Bowman inherited a relentless work ethic from his father and he acquired a fiercely competitive nature from his mother, who would throw her cards in the fire when she lost a hand of euchre.

Scotty Bowman on the bench in Montreal in the late 1970s.

“The most memorable lesson I learned from my father stems from the fact that he worked 31 years without missing a day of work,” said Bowman.

“We couldn’t even miss school all the way through.

“If we had a cold or some ailment he’d just send us off because it was normal that we report every day and he assumed we’d feel better as the day went on.

“He was very proud that he went 31 years without missing a day of work for any reason.

“He worked until they retired him at age 65 and he lived until he was 92.

“He had a long life and he worked very hard.

“That was the lesson that sticks from the many lessons he taught me.

“He passed that work ethic on to me and my two brothers and sister as well.

“I didn’t go 31 years without missing a day, but I tried.”

Bowman was a newspaper boy aged 11 and he also delivered bread.

Verdun had dozens of skating rinks where, as a boy, Bowman learned to play hockey.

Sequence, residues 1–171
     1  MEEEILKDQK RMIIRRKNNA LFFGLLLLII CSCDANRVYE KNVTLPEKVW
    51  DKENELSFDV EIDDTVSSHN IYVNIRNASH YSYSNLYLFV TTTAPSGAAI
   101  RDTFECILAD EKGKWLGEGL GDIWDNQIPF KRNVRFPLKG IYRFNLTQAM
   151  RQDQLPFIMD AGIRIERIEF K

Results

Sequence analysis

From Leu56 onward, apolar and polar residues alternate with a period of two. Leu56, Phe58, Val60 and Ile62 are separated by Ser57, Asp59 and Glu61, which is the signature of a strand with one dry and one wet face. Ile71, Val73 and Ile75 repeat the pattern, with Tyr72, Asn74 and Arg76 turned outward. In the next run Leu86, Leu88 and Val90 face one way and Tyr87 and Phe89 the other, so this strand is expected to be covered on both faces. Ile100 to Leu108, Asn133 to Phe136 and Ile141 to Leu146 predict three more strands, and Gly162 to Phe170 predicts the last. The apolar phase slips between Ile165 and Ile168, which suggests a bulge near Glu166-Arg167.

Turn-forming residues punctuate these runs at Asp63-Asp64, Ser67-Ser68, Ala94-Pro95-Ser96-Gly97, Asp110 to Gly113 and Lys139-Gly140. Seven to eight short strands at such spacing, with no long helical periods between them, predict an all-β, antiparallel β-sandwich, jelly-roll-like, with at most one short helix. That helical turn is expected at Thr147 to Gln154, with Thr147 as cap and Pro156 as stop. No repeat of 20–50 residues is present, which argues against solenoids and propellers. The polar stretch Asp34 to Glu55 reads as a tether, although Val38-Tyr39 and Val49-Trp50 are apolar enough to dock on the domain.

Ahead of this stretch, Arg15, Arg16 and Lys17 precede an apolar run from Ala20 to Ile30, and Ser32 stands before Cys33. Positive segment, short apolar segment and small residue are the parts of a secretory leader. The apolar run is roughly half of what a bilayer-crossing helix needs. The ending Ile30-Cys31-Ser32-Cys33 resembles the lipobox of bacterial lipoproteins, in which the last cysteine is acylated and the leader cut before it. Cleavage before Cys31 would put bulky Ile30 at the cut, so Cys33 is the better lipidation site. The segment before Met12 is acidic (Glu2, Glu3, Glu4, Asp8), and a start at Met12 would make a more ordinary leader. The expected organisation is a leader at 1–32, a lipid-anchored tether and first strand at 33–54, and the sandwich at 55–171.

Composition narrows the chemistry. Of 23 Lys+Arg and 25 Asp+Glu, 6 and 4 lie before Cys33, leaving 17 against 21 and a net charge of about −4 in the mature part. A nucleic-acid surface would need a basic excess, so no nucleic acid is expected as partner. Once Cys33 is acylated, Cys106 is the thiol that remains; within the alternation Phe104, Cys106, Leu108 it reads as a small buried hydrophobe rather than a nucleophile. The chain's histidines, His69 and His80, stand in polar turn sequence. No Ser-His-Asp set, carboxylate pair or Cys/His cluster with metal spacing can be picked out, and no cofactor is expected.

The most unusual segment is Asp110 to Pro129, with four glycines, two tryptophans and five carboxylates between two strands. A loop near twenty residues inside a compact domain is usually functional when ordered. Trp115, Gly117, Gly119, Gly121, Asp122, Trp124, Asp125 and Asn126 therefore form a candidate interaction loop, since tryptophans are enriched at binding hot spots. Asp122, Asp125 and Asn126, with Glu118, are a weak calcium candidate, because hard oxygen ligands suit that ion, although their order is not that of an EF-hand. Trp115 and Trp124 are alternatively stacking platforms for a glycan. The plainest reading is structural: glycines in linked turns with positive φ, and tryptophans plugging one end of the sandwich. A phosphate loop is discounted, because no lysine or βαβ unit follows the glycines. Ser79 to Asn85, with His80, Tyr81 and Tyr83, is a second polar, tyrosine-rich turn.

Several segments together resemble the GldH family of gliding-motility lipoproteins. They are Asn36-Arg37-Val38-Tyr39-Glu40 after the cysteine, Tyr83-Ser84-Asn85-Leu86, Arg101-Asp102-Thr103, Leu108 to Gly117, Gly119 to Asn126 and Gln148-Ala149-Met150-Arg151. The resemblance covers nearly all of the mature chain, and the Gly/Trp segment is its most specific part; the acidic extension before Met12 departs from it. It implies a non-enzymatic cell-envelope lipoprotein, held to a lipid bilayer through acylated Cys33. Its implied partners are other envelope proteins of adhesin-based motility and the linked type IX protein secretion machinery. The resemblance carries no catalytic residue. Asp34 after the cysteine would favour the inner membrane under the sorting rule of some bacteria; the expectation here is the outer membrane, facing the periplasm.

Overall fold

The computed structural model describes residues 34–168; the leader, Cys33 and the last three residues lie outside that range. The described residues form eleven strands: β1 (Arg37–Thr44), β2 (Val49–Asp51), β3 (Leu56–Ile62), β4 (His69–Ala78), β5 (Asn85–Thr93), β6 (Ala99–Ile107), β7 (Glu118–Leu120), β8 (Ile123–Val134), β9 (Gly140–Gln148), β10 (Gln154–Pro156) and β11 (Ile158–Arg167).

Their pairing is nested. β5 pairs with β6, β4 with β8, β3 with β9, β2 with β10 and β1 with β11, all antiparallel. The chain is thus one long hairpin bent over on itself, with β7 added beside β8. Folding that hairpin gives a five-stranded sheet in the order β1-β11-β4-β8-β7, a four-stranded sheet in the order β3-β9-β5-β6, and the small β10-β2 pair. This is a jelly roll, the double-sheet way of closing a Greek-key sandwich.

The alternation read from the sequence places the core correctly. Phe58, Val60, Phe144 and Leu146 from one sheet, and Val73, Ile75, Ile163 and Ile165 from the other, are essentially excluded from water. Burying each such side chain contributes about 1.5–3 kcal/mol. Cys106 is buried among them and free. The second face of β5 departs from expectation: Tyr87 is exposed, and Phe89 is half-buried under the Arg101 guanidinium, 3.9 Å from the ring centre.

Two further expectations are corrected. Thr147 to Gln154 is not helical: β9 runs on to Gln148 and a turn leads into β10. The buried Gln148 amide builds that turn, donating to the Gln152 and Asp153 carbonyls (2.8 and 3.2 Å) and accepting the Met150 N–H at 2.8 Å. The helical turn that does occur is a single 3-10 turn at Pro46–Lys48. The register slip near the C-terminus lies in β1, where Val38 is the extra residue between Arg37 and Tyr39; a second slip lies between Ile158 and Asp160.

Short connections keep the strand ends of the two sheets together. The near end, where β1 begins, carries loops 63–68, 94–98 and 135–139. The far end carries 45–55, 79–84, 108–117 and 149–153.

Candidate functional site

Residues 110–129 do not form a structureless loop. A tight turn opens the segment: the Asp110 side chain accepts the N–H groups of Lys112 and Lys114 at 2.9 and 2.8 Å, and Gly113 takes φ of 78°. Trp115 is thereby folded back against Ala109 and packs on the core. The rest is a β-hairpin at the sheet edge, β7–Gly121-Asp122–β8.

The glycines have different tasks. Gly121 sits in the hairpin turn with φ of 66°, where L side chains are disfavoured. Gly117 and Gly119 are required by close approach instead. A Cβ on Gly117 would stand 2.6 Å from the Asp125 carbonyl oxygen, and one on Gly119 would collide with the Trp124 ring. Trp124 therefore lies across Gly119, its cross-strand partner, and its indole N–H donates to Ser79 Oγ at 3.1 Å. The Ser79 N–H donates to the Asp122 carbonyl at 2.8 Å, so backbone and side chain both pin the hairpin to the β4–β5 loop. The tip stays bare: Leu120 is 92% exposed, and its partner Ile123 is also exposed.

By the age of 17, he was working in a dairy where he delivered work with a horse and wagon.

He was also a promising forward with the Montreal Canadiens’ junior team and a pro prospect for the NHL.

It was not to be however after a head injury caused by a stick torched his chances of turning professional and almost ended his career.

In the final minutes of a Junior A playoff game at the Montreal Forum, Bowman broke through on goal, chased by a defensive player called Jean-Guy Talbot, whose team, Trois-Rivières, was on the verge of being eliminated.

Talbot swung his stick at Bowman, striking him in the shoulder and then the head.

Bowman, like every player, wasn’t wearing a helmet and his skull was fractured.

Talbot was suspended from the game for a year.

While he recovered sufficiently to play hockey again, now with the Montreal Junior Royals, he was not the same player on the ice.

While he could have continued playing, Bowman concluded professional hockey was not a career option and decided to return to school and he took several courses in business.